Second, some foundational civics: in a plural democracy how does it make a difference whether one is a minuscule (or large) fraction? Unless India is a tyranny, are not all her people assured of fundamental rights? And, although a democracy works through political will exercised through majority rule, is that a democracy’s sole trait? Nations that profess democracy through the fig leaf of free elections and majority will are tyrannies by another name. A real democracy is one that forestalls tyranny by wedding majority rule with the assurance of fundamental rights for all, including for all fractions, miniscule or not. These rights can only be restricted if their exercise causes harm to others. That’s the plainspeak of the Indian Constitution.
Also, about causing harm: no matter what spurious sadhus might say or uninformed mischief-makers might claim – of “curing” homosexuality through yoga, or the rampant child sex abuse that will engulf India or the family structures that will collapse – there is absolutely no evidence that the decriminalisation of homosexual sex between consenting adults will have any ill-effects on society. It hasn’t done so wherever such law reform has taken place, and in the four years between 2009 and 2013 that it was decriminalised in India it only brought great relief, freedom and a sense of personhood to millions of individuals and families. Other than loss of izzat, I don’t know of any harm that adults involved in homosexual sex can possibly cause to other persons, families, communities or society. And, if loss of izzat is reason enough then maybe we should criminalise almost all human behaviour.
On the other hand, I do know of the great harm that 377 has caused in many people’s lives. The media has covered stories of suicide by and abuse, extortion and violence against queer people over the years. But this is the tip of the iceberg, and these tragedies have seen an upswing since the pitiful decision in Koushal. On the first anniversary of the judgment, at a meeting held in Delhi to present firsthand accounts of this hate and sadness, the testimonies were heart-rending – of families shunning members, parents threatening children, public violence and police abuse and extortion. The words “beaten”, “assaulted”, “raped”, “banished” were constantly uttered.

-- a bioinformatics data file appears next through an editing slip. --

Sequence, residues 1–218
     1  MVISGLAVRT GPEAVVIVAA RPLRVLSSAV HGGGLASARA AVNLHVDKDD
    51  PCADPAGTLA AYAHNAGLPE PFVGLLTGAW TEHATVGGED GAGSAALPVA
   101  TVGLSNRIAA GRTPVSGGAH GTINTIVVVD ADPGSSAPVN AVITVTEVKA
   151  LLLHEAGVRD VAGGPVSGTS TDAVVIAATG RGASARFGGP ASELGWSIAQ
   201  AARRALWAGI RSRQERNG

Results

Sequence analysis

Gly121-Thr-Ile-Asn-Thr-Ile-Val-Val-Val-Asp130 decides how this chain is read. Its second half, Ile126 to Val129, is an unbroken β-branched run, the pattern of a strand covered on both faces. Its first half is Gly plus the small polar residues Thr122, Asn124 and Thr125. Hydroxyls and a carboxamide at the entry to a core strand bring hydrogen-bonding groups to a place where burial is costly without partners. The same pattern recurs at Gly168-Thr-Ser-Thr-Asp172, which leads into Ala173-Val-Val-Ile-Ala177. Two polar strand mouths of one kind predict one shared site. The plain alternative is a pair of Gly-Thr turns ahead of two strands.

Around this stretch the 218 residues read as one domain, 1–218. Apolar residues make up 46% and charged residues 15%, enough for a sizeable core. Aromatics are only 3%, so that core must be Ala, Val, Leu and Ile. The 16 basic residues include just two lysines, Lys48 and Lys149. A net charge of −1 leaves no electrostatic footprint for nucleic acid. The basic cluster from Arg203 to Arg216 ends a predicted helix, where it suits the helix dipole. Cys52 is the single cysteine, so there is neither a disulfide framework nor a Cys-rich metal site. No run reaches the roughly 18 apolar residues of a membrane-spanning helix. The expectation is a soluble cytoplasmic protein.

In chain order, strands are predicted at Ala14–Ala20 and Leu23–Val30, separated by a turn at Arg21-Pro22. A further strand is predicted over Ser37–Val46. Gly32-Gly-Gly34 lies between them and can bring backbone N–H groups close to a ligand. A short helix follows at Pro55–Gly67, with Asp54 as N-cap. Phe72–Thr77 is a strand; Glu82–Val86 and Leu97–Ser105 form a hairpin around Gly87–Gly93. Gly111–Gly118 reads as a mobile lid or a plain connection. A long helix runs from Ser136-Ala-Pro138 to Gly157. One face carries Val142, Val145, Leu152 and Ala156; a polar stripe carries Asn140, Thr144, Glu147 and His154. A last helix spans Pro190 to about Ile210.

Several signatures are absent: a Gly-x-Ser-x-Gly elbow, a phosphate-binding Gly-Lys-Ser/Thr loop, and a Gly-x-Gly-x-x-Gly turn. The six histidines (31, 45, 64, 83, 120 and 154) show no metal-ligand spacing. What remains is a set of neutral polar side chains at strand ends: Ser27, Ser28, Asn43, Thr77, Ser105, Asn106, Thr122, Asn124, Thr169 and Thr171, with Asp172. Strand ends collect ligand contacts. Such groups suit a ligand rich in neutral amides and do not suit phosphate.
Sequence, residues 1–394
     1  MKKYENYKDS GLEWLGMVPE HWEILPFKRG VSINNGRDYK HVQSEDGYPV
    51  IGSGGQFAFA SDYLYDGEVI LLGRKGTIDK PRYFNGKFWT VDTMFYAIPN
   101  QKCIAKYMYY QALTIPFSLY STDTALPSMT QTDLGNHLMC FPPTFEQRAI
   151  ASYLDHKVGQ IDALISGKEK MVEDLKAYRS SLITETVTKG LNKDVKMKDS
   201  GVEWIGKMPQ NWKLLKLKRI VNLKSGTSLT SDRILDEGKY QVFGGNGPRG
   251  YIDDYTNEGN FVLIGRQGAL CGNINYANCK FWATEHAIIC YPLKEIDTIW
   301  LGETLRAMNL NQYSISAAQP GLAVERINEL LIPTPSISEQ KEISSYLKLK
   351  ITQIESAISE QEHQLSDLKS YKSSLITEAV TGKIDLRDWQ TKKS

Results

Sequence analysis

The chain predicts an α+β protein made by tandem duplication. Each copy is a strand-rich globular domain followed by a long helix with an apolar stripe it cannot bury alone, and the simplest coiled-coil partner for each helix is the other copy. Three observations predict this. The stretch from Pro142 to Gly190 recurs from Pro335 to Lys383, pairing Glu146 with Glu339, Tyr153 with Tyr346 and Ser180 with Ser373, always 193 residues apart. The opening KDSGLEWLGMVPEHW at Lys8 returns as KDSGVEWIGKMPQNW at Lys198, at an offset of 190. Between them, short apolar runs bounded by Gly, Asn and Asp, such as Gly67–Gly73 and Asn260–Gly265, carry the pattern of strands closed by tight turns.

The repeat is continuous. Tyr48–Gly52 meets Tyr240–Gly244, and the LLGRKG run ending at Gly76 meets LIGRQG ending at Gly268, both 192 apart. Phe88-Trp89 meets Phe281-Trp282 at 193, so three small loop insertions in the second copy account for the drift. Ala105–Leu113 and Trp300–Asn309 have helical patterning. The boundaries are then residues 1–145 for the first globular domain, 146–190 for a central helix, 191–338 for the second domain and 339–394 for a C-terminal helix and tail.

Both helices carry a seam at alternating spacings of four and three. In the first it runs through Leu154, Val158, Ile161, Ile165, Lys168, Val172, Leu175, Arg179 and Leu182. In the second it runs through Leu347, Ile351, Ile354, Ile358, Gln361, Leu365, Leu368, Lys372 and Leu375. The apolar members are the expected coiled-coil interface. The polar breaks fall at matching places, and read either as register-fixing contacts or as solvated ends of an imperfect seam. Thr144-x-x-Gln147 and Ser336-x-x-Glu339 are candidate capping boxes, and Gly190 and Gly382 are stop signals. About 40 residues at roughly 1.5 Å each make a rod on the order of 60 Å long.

When MPs who bore witness to these moving accounts were asked to walk the talk of support that they had professed, the response was stock – that Indian society needed to be ready before law reform could be contemplated. That is humbug. First, sometimes it is law reform that precipitates social change. And, second, there is nothing to suggest that Indian society is not ready for the removal of 377. You ask people if their son, daughter, brother or sister, friend or colleague should be jailed for acting on their homosexual attractions, and I’m convinced you’ll get a resounding “no”.
When the curative petition comes before the Supreme Court on February 2, it is time for the honourable judges to imagine themselves in their roles as fathers, mothers, siblings, colleagues or friends, and ponder this question with all seriousness. Passing the buck to Parliament is not only an abdication of constitutional responsibility, but also unviable – we’ve just witnessed the phobia with which Shashi Tharoor’s bill to revoke 377 was summarily and insolently thrown out by the Lok Sabha.
Years ago, I’d written with confidence that with truth on our side, we queers will prevail. I am still convinced that chicanery and small-mindedness will only be stumbling blocks on that journey. This is written to once again stake a claim to be a full person in this land. It is also to signal on behalf of queer people that we will not back down in using all the constitutional tools available to us to be liberated. And, in that process, we will continue to stand up and be counted, creating Bollywood moments in courtrooms and anywhere the occasion calls for.
Vivek Divan is qualified in the law and queerness.